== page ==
A Redo of the Title IX Regulatory Framework?

April 12, 2021
Office of Legal Affairs
A Redo of the Title IX Regulatory Framework?


In the words of the iconic baseball player and manager, Yogi Berra, it feels like “ deja vu all over again.”  Last month, President Biden issued an Executive Order on “Guaranteeing an Educational Environment Free from Discrimination on the Basis of Sex, Including Sexual Orientation or Gender Identity” (“EO”).  Under the EO, the US Secretary of Education, in consultation with the US Attorney General, is instructed to review all existing regulations, orders, guidance documents, policies, and any other agency actions that are or may be inconsistent with the Biden Administration’s policies on discrimination on the basis of sex, including, most notably, the Title IX regulations that came into effect in 2020. 

The EO further directs the US Secretary of Education to review existing Title IX guidance and issue new guidance as needed, and to consider suspending, revising, or rescinding any agency actions that are inconsistent with the Biden Administration’s policies.  Lastly, the EO requires the US Secretary of Education to consider taking enforcement action to, among other things, account for the significant rates at which students who identify as lesbian, gay, bisexual, transgender, and queer (LGBTQ+) are subject to sexual harassment; to ensure that educational institutions are providing appropriate support for students who have experienced sex discrimination; and to ensure that school procedures are fair and equitable for all.

The EO gives clear signal that President Biden is looking to take action on the existing Title IX regulations promulgated by the prior Administration.  Such action could take one of several different forms, including the launch of a full notice and comment rulemaking process with a view towards replacing in full the current regulations; the undertaking of revisions to select portions of the 2020 Rule; or the issuance of sub-regulatory guidance meant to interpret certains aspects of Title IX.  All of these would ultimately be designed to achieve better alignment with the current Administration’s policies, but would entail different tradeoffs between expediency and efficacy in doing so.  The US Secretary has 100 days to engage in the above-referenced review, after which time we should have greater visibility into the potential path to be taken going forward, and the resulting consequences for Title IX’s regulatory framework.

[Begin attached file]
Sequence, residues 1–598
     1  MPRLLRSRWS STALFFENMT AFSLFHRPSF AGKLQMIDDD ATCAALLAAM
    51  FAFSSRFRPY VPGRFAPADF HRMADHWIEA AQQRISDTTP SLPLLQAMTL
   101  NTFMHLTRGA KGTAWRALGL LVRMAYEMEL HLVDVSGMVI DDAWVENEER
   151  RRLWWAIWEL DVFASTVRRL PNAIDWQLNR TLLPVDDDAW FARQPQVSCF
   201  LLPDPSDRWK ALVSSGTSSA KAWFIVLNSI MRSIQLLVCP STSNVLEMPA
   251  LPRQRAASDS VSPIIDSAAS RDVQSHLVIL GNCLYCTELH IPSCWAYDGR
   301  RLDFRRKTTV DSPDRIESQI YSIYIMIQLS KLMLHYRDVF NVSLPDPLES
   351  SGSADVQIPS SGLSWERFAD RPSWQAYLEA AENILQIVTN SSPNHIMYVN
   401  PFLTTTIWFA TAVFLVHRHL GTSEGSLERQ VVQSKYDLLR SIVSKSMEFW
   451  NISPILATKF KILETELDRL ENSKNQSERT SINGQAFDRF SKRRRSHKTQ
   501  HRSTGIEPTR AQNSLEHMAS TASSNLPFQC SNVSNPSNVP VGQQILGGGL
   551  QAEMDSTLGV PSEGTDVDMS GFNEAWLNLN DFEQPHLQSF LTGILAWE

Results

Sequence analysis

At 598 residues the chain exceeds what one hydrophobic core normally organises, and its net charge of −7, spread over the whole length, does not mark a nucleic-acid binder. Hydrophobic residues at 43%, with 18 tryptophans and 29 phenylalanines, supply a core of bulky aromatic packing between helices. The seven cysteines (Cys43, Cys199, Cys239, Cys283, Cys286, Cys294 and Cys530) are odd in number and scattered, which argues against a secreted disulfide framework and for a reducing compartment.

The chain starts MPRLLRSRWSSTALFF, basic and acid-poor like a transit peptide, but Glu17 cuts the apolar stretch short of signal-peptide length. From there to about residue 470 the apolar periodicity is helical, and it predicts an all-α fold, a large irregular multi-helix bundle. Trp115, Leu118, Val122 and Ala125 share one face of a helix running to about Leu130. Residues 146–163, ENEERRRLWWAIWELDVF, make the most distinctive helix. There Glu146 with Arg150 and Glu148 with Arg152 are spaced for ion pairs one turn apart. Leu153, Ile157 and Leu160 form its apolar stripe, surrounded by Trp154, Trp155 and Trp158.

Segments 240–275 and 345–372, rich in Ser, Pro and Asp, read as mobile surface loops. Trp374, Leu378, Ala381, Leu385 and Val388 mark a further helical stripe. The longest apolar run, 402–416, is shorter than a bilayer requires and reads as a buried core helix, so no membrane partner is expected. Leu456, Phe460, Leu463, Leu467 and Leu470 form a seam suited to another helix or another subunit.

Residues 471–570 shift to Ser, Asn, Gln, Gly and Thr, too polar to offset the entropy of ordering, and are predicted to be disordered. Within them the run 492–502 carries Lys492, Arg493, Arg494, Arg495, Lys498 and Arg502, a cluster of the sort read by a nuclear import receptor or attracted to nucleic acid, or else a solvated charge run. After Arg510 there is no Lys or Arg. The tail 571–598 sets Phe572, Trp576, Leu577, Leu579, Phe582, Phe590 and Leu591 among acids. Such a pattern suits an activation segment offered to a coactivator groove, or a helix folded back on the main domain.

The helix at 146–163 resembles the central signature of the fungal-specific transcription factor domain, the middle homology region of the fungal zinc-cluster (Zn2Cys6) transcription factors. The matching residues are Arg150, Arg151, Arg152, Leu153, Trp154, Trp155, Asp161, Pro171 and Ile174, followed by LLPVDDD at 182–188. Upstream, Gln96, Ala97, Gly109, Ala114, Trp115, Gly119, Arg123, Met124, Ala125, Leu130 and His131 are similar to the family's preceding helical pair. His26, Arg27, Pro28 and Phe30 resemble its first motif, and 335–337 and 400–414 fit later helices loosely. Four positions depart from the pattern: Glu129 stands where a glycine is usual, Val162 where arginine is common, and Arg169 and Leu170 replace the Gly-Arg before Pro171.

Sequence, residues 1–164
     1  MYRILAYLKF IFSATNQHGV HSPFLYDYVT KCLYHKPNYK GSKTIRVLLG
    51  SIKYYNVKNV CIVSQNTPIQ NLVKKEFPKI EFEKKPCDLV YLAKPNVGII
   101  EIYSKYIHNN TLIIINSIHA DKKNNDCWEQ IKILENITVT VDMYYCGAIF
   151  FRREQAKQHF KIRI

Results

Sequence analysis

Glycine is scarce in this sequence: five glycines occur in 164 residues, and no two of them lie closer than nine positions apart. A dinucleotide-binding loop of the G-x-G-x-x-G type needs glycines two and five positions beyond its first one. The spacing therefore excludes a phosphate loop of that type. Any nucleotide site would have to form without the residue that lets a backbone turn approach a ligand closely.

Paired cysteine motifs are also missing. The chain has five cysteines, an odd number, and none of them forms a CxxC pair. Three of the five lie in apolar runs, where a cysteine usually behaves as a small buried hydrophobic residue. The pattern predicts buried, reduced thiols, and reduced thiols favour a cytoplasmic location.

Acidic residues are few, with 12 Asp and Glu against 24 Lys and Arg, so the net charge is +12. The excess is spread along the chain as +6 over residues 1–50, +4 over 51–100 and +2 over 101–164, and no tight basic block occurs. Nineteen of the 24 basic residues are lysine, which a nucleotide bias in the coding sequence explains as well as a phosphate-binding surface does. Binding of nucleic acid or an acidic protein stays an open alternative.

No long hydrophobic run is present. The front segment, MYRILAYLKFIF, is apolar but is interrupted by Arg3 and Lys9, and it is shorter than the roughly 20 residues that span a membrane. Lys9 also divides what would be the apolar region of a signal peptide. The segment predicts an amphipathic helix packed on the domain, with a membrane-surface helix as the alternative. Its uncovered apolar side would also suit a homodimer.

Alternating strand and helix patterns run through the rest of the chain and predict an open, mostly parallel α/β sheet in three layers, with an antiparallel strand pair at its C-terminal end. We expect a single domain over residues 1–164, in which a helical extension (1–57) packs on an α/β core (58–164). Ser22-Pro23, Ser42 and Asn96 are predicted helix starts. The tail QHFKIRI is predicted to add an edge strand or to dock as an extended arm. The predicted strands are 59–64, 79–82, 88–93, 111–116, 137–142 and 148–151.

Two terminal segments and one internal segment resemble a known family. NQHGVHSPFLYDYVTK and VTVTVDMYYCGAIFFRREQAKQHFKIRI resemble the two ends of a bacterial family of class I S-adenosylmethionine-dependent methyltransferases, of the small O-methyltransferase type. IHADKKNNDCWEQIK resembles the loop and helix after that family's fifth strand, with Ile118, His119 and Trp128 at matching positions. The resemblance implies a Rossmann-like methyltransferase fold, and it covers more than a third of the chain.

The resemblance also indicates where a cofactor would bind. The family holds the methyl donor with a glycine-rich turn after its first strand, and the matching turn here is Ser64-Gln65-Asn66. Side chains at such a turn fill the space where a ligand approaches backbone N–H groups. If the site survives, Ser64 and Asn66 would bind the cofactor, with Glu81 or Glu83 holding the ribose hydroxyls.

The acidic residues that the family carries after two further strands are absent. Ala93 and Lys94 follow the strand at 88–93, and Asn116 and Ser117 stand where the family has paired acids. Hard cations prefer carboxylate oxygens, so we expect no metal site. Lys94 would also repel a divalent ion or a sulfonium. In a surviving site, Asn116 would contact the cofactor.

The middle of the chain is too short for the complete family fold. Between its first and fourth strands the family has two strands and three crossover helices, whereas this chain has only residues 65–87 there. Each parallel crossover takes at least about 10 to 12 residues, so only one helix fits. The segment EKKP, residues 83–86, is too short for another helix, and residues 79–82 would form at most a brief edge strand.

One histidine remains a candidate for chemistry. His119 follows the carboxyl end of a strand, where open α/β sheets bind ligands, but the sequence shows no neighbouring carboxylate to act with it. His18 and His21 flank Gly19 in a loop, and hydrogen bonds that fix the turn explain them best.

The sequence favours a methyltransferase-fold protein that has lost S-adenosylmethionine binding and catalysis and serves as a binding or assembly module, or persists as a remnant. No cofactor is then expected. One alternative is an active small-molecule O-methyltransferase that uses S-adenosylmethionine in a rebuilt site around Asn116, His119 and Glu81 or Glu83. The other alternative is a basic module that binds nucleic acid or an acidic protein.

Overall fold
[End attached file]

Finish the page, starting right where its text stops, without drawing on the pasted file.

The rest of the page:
- Jay Rossello

The contents of this article are intended to convey general information only, and not to provide legal advice or opinions.  Please contact the Office of Legal Affairs (210-458-4105) to obtain legal counsel on any particular university issue or matter.